Whenever I feel stressed, people often say sentences like, “if you teach Stress Control, why are you stressed right now?” or, “you work in mental health, why are you anxious?” or, “heal thyself, physician”. Granted, these people tend to be joking, but we do tend to have this idea that mental health professionals aren’t supposed to be affected by things like stress or low mental health and well-being. This attitude can be damaging, and may prevent mental health professionals from seeking help or talking about how they feel because they think they should be invincible or they should be immune to mental health problems.
The reality is, we all have mental health, and just like our physical health it will fluctuate. Even psychologists can have periods of depression or anxiety. Even counsellors can struggle with OCD or PTSD, and even therapists can battle with addiction. They are human beings like everyone else. In terms of the research, a study conducted by Patterson-Wyatt (2016) found that approximately 81% of the psychologists studied had a diagnosable mental health condition, particularly depression and anxiety. Similarly, in 2011 famous psychologist Marsha Linehan, who is credited with creating Dialectical Behavioural Therapy (DBT), shocked the world when she revealed her own battles with borderline personality disorder – a condition she had spent years teaching people how to manage. And what about me, a Wellbeing Practitioner at Valleys Steps, teaching people how to manage stress everyday? I get stressed and I feel anxious sometimes. Why? Because I’m human.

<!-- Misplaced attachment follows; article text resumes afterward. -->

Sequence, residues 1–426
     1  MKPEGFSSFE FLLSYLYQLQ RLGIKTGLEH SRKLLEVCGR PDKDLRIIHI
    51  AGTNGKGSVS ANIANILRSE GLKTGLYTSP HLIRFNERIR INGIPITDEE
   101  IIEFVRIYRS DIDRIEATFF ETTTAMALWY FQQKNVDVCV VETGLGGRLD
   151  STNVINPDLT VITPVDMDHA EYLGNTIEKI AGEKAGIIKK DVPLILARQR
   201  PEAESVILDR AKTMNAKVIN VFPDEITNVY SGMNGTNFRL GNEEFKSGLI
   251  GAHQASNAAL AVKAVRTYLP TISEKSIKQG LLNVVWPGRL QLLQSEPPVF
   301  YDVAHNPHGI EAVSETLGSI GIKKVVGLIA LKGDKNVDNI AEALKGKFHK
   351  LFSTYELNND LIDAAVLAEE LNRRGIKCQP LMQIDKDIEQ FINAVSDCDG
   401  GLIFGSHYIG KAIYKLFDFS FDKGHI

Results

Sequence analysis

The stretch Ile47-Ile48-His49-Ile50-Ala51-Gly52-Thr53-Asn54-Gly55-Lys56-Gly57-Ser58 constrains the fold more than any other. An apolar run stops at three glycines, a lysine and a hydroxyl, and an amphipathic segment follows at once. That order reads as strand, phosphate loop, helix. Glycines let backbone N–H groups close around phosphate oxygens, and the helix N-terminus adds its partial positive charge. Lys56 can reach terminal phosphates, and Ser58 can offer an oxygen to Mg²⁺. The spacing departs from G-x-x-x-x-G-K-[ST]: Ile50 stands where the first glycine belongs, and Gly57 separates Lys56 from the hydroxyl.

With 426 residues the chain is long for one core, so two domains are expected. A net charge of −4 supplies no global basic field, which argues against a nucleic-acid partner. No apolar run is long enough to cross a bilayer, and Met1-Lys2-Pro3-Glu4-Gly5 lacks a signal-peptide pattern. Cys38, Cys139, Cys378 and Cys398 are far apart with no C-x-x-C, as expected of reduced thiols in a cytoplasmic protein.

I decided to work in mental health because of my own struggles, for years I struggled with anxiety and frequent panic attacks. When I learned how to manage those things, I wanted to teach people what I’d learned. That doesn’t mean I never get anxious anymore, but it means I can recognise when I’m anxious and I know what I can do to help myself.
Very recently, I suffered a family bereavement, my first bereavement of a close family member as an adult. My automatic reaction was to be the “psychologist”. I sat there thinking, “I’m a mental health professional, and I understand the psychology of grief, I should be able to move past this quickly in order to support other people around me”. But I’m human, I still need to process what has happened, I still need to cry, I still need to feel low… I still need time to grieve. Mental health professionals are not immune to these things. So when you see the practitioner delivering your Mindfulness or Stress Control course, remember that they too are human. They feel the same emotions, and struggle with stress or low mental wellbeing in similar ways to you. What often differs is they have a toolbox that they can use to manage things, and they want to share those tools with you to try and help you handle life’s ups and downs too. They aren’t any less knowledgeable just because they also experience stress or low mental wellbeing. If anything, that experience often makes them more knowledgeable.
Wellbeing Course Practitioner